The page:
Secondary outcome measures were BMI, body composition, physical activity level, skinfold thickness, blood pressure, various blood tests, incidence of GDM, and incidence of maternal hypertension in late pregnancy. Height was measured at baseline with a wall-mounted Seca 222 stadiometer. BMI was calculated as weight in kilograms divided by the square of height in meters. Systolic and diastolic blood pressure were measured on the right arm after 15 min of supine resting using a CASMED 740 MAXNIBP (CAS Medical Systems). We used the average of three measurements taken at 2-min intervals. Skinfold thickness was measured on the right side of the body at the sites subscapular, biceps, and triceps, using a Harpenden Skinfold Caliper (Holtain). We used the average of three measurements for each site. Body composition was measured using air displacement plethysmography (BOD POD, COSMED). The participant entered the BOD POD wearing only underwear and a swim cap. Physical activity level was measured by a questionnaire where the participants reported their frequency, duration, and intensity of weekly physical activity.

After a 10-h fast, we drew venous blood for fasting plasma glucose and other blood measurements. The participants then drank 75 g of glucose dissolved in 2.5 dl of water, and blood was drawn again after 2 h (120-min plasma glucose). According to the study protocol [23], GDM was to be diagnosed by the 2009 WHO definition: fasting plasma glucose ≥ 7.0 mmol/l and/or 120-min plasma glucose ≥ 7.8 mmol/l [27]. However, in 2013 WHO, in collaboration with the International Association of Diabetes and Pregnancy Study Groups (IADPSG), endorsed adjusted diagnostic criteria for classification of GDM: fasting plasma glucose ≥ 5.1 mmol/l and/or 120-min plasma glucose ≥ 8.5 mmol/l [28]. GDM is therefore reported here by both definitions. Plasma glucose, high-sensitivity C-reactive protein (CRP), total cholesterol, high-density lipoprotein (HDL) cholesterol, low-density lipoprotein (LDL) cholesterol, triglycerides, HbA1c, ferritin, and hemoglobin were measured using a Roche Modular P. We assessed insulin with ELISA (IBL International) using a DS2 ELISA processing system (Dynex Technologies). All assays were performed according to the manufacturer’s instructions. The inter- and intra-assay coefficients of variation were 2.1% and 1.5% for glucose, 3.8% and <1% for high-sensitivity CRP, 2.5% and 0.9% for total cholesterol, 2.8% and 0.8% for HDL cholesterol, 2.4% and 0.8% for LDL cholesterol, 2.9% and 0.9% for triglycerides, and 5.3% and 9.5% for insulin. Homeostatic assessment of insulin resistance (HOMA2-IR) was calculated as [glucose × insulin]/22.5 [29].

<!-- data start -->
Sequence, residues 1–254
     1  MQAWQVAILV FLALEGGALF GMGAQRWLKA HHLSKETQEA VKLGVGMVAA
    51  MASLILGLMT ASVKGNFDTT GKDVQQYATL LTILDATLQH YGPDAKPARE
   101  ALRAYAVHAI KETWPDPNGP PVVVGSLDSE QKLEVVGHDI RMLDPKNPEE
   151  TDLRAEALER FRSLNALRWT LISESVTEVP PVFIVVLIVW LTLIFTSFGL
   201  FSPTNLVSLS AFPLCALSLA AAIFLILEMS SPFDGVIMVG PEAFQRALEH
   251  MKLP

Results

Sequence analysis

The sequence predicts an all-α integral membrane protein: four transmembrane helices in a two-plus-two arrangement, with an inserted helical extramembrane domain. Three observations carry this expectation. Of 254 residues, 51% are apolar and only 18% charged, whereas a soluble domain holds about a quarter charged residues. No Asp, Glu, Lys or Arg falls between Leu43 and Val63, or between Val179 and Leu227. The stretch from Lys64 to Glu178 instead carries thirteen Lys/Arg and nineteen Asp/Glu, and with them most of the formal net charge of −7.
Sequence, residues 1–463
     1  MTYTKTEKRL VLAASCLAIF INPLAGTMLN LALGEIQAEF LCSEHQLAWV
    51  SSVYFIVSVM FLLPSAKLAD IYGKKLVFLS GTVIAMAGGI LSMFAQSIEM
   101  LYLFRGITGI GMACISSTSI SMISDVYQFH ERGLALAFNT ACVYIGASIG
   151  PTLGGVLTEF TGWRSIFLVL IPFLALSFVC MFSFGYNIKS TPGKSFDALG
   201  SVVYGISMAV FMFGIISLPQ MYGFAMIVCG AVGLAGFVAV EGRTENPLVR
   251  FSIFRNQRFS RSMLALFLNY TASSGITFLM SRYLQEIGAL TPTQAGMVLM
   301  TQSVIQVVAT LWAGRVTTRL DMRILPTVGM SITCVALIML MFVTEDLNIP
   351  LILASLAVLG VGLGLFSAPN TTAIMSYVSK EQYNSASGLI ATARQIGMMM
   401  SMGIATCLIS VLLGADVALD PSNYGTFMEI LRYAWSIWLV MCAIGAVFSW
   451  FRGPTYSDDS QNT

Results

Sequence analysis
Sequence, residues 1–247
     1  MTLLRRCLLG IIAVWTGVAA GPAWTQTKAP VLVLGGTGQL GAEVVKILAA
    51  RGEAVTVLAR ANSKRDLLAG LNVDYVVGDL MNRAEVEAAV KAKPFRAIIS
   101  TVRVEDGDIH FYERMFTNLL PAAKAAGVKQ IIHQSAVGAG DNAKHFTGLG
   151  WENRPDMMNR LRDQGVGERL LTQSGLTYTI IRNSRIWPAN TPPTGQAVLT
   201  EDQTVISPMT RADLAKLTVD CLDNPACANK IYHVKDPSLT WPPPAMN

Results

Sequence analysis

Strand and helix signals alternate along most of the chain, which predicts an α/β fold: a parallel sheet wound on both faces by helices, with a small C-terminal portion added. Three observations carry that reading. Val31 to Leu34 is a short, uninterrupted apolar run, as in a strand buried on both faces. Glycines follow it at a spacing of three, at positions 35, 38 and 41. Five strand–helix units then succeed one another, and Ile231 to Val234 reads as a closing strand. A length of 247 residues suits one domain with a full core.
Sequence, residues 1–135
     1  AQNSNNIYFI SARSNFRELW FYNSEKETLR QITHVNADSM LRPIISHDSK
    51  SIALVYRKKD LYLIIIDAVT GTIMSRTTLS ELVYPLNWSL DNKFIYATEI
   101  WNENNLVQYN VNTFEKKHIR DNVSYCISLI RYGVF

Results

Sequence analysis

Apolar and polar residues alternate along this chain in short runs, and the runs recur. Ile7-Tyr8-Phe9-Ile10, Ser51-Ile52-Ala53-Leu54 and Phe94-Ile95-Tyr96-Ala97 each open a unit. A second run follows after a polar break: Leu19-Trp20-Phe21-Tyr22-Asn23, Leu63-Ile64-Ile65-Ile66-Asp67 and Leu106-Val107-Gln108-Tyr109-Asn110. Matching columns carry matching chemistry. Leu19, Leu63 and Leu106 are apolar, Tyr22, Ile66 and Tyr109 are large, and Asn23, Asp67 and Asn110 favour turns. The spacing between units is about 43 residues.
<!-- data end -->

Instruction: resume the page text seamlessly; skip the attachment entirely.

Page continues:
Statistical Methods

Sample size was calculated based on prior studies [30,31] using a 6-kg clinically relevant difference in mean weight gain between the exercise and the control group, from baseline to delivery. According to this, a two-sided independent sample t-test with a 5% level of significance, a standard deviation of 10, and a power of 0.90 gave a target study population of 59 in each group. Dropout was estimated at 15%; therefore, we aimed to include 150 women.

After baseline assessments, the participants were randomly allocated 1:1 to the intervention or the control group. Allocation was done using a computer random number generator developed and administrated at the Unit for Applied Clinical Research, NTNU. The randomization had varying block sizes, with the first, the smallest, and the largest block defined by the computer technician at the Unit for Applied Clinical Research. The investigators enrolling the patients (K. K. G. and T. M.) got the allocation results on screen and by e-mail after registration of each new participant into the study and did not have the full randomization list available.